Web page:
ONCE UPON A TIME…
—Standard opening for folk tales
FOUR SCORE AND SEVEN YEARS AGO…
—The Gettysburg Address,Abraham Lincoln
A LONG TIME AGO IN A GALAXY FAR, FAR AWAY…
—Star Wars, George Lucas
THE CIRCUS ARRIVES WITHOUT WARNING.
—The Night Circus, Erin Morgenstern
THE EARLY SUMMER SKY WAS THE COLOR OF CAT VOMIT.
Most of these openings are easily recognizable, and all of them do what their designed to do: pull the reader in.
The latter is one of my favorites. An old co-worker of mine droned on and on about how good this series was, and eventually I caved and bought a copy of Uglies by Scott Westerfeld. When I started this book, I was blind and had no idea what to expect. I opened it the Chapter One and reread the first line about a dozen times. Cat vomit? It seemed a pretty crass way to introduce a book series, yet I was intrigued.
THE FIRST LINE HOOKED ME.
But it was that first line that left me feeling insignificant and inadequate in my own writing. I didn’t have a great hook. The chapter continues to build instantly captivating the reader, and the further I read, the more confirmation I received that my book was lacking.
While writing this post I painfully opened the first draft of Jamyria: The Entering saved to my computerto better explain my point (note: the very first draft was handwritten). And my opening line in the first draft was…
I was early.
Yep. That’s it. Three words that do absolutely nothing to my plot. The second draft expanded slightly:
It was without a doubt the first time Margo Grisby had ever been early since she began high school.
Better, but still basically the same (and, yes, I did switch from first to third person several times during my edits). What I shamefully realized after reading page one of Uglies was that I had no idea how to create a hook like Scott Westerfeld had. Even when I wrote the first draft, I recall struggling to begin my story. So I plopped my character on a bus bench and simply started writing.
When it came time for Draft 3, I skipped the first chapter altogether, and surprisingly found a shift in my writing. By ignoring that “hook” I was able to focus on my writing and improve my skills. This giddiness was short-lived though; I inevitably had to return to Chapter One.
Here are a few things I learned along the way:
SET THE MOOD.
The opening of my first few drafts was warm and happy and made you feel like you were in a peaceful, better place. Your tummy filled with butterflies when you read it. Which is great, but not when you’re writing a fantasy/adventure/action book!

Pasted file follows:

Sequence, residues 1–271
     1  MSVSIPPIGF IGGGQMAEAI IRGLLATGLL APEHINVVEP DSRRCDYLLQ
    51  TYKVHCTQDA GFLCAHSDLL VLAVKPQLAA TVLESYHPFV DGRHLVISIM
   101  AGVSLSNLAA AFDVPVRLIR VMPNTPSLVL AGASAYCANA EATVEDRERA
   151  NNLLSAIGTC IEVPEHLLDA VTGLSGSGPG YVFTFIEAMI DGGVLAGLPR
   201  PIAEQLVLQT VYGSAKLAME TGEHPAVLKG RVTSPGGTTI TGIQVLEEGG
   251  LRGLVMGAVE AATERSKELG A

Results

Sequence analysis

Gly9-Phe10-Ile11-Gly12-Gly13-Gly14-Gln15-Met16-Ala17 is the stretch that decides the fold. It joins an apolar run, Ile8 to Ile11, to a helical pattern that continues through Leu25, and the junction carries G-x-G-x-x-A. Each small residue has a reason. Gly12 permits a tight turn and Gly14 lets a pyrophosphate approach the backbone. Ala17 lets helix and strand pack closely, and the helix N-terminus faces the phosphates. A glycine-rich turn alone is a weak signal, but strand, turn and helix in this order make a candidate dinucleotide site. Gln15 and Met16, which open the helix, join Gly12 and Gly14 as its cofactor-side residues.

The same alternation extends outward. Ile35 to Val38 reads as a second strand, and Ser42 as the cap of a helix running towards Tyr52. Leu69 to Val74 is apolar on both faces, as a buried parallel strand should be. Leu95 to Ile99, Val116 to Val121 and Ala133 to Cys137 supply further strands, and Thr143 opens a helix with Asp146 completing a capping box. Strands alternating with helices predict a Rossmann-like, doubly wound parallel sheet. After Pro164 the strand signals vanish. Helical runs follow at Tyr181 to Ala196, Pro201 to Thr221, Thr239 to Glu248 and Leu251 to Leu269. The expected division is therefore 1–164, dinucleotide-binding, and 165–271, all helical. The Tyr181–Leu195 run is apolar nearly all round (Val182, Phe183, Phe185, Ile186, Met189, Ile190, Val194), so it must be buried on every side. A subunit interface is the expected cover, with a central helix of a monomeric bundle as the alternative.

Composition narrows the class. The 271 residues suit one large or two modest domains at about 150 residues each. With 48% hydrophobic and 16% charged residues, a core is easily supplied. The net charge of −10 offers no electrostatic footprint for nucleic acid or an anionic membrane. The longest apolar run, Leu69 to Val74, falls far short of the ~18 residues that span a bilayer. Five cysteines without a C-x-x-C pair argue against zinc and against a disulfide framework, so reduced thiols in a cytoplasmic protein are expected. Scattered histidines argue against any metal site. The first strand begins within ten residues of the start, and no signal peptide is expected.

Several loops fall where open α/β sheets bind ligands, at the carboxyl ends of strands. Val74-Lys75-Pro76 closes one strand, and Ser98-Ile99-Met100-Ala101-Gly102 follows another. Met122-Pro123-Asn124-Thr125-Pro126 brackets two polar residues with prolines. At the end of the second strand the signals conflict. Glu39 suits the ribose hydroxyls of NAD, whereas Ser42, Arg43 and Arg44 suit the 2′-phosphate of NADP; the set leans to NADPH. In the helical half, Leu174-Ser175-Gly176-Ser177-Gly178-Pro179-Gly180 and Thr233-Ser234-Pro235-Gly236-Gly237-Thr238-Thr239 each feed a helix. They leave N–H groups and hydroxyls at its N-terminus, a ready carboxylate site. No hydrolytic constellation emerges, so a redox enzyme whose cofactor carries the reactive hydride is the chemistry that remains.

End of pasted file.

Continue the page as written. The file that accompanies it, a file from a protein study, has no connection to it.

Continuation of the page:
The first line is your hook, but the first page is the set up for the entire book. This page is one of the most important ones because it will either keep your reader turning pages or have them place your book back on the store shelf and move on.
START IN THE MIDDLE.
Not literally. But don’t start in a cliche way — i.e., an alarm clock going off and your character beginning his day. Also avoid beginning your book with a mundane act, such as, I don’t know, your character sitting on a bench waiting for the bus to arrive.
Start in the middle of something that pertains to the story.
Is your character a cop? Start your book with him investigating a crime that will tie into the plot. Your character could be a hopeless romantic. Begin with them head over heels for their boyfriend who dumps them with no warning. By setting the story up like this, your reader is intrigued and constantly thinks “now what?” and “what happens next?”
REFERENCE OTHER OPENINGS.
By “reference” I don’t mean copy, but reading other books can help inspire you to write your own successful opening. Uglies was my wake up call. Try reading the first pages of some of your favorite books, and then go back and reread yours. Can it compare to your favorite books? Does it hook you?
Turn on a movie. Pay attention to the details of the opening scene. What element makes you want to watch more?
Let’s take a look at Heroes, Season 1, Episode 1: Genesis:
The earth spins and is overshadowed: an eclipse. The ring of the eclipse reflects in protagonist Peter Petrelli’s eyes. He stares into the distance with a longing, almost saddened, look as the camera pans out to reveal him standing on the edge of a building. He slowly spreads his arms and steps off into space. Falling. Flying. Dreaming.
Bam. First twenty seconds and the writers already have you hooked. Although a television series differs from a book, you can apply the same principals to your writing.
I hope this helps your get past the first line jitters. Please let me know if this works or comment below to offer more advice for fellow writers.